France’s snap election: Why did Macron call it and what happens next?

By The Independent (World News) | Created at 2024-06-10 14:15:23 | Updated at 2024-07-21 18:42:14 1 month ago
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French president Emmanuel Macron has called a snap election after his party suffered a crushing defeat in EU parliamentary elections.

Mr Macron dissolved the French parliament on Sunday and called for legislative elections to be held on 30 June and 7 July. Voters must be called to the polls in the 20 to 40 days following the assembly’s dissolution.

It came after Marine Le Pen’s far-right National Rally (RN) party were projected to win 31.5 per cent of the European Union parliamentary vote, compared with 14.5 per cent for Mr Macron’s centrist alliance.

“For me, who always considers that a united, strong, independent Europe is good for France, this is a situation which I cannot countenance,” Mr Macron said. “I have decided to give you back the choice of our parliamentary future with a vote.”

So why has the French president called an election, when will they be held and who are the parties involved? The Independent takes a look below.

Marine Le Pen’s Rassemblement National party won 31.5 per cent of the European Union parliamentary vote

Marine Le Pen’s Rassemblement National party won 31.5 per cent of the European Union parliamentary vote (AP)

Why has president Macron called an election?

Mr Macron called his decision “serious and heavy”.

He said he could not resign himself to the fact “far right parties are progressing everywhere on the continent” following France’s right-wing Rassemblement National’s success in the European vote.

Mr Macron’s centrist list, headed by MEP Valérie Hayer, was predicted to win 14.5 per cent in the European poll, compared with 31.5 per cent secured by Rassemblement National - which said it was “ready to take power” in France.

The French president described it as “an act of confidence”, saying he had faith in France’s voters and “in the capacity of the French people to make the best choice for themselves and for future generations”.

French President Emmanuel Macron and his wife Brigitte Macron enter a voting booth during the European elections on Sunday

French President Emmanuel Macron and his wife Brigitte Macron enter a voting booth during the European elections on Sunday (AP)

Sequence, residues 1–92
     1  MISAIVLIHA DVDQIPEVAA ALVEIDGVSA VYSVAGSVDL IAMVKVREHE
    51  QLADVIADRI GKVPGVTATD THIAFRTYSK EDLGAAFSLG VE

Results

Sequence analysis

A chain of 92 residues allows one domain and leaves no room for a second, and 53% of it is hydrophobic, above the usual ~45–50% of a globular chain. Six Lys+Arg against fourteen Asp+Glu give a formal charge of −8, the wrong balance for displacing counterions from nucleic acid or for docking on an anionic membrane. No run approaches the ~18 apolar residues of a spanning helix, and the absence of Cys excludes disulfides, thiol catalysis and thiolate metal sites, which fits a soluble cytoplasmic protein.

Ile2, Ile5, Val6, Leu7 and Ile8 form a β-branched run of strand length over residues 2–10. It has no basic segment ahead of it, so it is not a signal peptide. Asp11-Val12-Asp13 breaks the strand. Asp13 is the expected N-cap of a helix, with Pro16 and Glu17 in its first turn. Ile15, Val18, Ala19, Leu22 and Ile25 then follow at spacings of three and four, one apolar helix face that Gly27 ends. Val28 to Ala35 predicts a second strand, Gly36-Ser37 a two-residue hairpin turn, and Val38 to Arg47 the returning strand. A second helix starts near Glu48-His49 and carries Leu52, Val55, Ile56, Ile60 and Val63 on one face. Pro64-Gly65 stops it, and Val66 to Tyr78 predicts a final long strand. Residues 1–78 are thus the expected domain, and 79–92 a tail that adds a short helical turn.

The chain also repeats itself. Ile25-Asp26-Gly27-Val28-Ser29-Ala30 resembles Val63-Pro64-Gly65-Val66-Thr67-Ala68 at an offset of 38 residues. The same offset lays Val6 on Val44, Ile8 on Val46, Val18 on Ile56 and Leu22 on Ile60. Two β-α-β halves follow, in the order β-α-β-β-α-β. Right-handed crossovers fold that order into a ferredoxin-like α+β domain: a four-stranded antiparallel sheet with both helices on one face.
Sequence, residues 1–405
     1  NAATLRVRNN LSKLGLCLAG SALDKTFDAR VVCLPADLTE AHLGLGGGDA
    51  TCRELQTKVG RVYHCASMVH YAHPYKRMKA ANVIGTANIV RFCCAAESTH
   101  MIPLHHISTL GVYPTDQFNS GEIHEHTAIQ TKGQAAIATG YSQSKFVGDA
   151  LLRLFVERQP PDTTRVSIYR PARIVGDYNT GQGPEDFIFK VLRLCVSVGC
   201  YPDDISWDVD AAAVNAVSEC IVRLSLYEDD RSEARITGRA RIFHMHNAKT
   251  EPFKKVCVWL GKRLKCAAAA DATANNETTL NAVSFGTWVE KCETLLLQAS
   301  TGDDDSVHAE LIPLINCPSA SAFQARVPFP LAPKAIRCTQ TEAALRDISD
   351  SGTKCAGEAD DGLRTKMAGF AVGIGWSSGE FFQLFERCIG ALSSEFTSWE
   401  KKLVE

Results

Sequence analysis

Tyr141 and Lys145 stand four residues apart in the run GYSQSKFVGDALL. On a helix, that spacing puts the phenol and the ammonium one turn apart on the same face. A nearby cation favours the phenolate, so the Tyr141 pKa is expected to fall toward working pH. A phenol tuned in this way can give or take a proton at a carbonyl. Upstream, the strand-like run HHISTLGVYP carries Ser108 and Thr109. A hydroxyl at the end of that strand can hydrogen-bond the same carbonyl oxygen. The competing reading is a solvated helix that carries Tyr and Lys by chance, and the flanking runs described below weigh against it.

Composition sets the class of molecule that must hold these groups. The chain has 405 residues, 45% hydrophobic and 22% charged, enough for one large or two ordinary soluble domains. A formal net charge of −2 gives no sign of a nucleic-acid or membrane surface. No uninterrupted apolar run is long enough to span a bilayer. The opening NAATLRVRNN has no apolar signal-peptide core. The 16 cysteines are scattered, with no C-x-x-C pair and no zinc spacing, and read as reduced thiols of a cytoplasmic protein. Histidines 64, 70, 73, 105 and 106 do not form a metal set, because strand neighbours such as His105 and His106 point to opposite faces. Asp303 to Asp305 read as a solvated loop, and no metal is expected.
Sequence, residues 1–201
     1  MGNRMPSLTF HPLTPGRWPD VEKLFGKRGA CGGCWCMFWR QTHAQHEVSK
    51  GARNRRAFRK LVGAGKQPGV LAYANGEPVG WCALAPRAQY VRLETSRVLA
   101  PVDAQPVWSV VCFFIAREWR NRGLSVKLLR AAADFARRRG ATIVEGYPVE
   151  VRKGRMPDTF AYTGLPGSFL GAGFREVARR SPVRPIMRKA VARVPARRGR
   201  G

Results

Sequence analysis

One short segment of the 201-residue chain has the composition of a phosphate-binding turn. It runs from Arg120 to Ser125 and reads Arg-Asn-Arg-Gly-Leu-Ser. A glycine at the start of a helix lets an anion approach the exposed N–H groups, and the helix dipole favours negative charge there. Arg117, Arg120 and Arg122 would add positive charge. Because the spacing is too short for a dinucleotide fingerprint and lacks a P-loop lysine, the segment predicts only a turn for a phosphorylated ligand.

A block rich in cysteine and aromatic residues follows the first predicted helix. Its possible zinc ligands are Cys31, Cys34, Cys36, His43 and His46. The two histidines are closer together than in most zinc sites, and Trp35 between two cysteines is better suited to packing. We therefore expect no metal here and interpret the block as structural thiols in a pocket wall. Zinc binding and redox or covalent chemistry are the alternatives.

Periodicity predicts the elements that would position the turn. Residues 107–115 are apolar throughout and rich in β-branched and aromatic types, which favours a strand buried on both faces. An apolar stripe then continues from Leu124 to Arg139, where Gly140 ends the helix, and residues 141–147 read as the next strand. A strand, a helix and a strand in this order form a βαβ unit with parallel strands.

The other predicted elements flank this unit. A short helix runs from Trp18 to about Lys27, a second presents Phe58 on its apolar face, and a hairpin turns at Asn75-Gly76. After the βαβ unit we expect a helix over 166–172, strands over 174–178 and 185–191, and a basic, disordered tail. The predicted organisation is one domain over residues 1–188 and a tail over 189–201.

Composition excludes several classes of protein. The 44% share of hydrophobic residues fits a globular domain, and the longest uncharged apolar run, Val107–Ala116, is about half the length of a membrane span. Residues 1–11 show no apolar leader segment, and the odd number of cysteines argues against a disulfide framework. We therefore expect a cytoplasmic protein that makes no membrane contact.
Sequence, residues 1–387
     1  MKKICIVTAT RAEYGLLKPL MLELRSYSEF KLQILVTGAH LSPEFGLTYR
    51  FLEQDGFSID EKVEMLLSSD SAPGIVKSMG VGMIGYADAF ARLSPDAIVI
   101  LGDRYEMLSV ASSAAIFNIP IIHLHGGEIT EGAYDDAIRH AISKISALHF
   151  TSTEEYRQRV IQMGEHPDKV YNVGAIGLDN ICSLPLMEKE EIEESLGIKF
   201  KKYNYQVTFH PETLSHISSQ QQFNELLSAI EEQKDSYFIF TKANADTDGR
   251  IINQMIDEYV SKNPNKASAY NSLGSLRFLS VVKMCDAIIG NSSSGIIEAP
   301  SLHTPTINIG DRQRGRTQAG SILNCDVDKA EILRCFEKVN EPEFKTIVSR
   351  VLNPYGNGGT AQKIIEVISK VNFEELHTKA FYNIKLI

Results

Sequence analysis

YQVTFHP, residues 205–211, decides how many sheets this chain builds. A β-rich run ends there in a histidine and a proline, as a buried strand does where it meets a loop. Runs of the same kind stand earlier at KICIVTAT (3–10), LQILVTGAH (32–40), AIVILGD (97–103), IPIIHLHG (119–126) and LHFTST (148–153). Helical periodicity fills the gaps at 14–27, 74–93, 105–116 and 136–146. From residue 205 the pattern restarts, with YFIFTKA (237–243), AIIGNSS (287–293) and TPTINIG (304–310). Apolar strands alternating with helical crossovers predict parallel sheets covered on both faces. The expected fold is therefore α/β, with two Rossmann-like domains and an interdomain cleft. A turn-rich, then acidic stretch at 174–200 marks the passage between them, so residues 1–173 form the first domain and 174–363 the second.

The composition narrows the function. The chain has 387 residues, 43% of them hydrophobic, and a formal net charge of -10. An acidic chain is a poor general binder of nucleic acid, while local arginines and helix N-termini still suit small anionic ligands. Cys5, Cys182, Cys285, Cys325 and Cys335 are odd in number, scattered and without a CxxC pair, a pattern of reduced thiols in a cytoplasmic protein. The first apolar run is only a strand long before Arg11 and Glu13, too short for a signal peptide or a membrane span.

How and when will elections be held?

Article 12 of the French constitution allows presidents to dissolve the French parliament to resolve political crises, such as permanent and irreconcilable differences between parliament and the executive.

This has affected French politics since Mr Macron lost his majority in 2022, meaning he is increasingly reliant on pushing through legislation through executive orders without a vote, using a controversial constitutional tool known as 49/3.

Voters must be called to the polls in the 20 to 40 days following the paliament’s dissolution. The first round of these elections is scheduled for 30 June and the second on 7 July.

How does the vote work?

Candidates in the 577 seats of the National Assembly, the lower chamber of France’s parliament. A candidate can win in the first round if they receive at least 50 per cent of votes cast, as well as the votes of at least a quarter of registered voters in the constituency. If this does not happen, those with more than 12.5 per cent of the vote are eligible for the second round. in most cases the run-off will feature the top two vote-getters, on rare occasions it might feature three or even four candidates.

What about the result?

The result is hard to predict. It is likely to depend on how committed leftist and centre-right voters are to the idea of blocking the far-right from power. Voter turnout on Sunday during the EU parliamentary elections was about 52 per cent, France’s interior ministry said.

A widely leaked unofficial poll from the end of last year, the only recent one on snap elections, showed the RN on track to double or triple its score and possibly obtaining a majority, but it dates from December and more recent ones would be needed to have a clear picture.

Macron's Renaissance party currently has 169 lower house legislators out of a total of 577. The RN has 88. The centrist Ensemble coalition, which includes Mr Macron’s Renaissance party is short of an absolute majority, which is 289.

Eurasia Group said the RN was no shoo-in for a majority, predicting a hung parliament as the most likely scenario.

"Faced with another hung parliament, [Macron] will try to form a wider alliance with the centre-right or centre-left, possibly by appointing a prime minister from one of those camps," the think-tank said in a note.

"We foresee a losing struggle for serious domestic reform or strict deficit reduction in the remaining three years of Mr Macron's term," it said, adding: "Emmanuel Macron has taken an enormous gamble, with his own reputation and legacy and the future of France."

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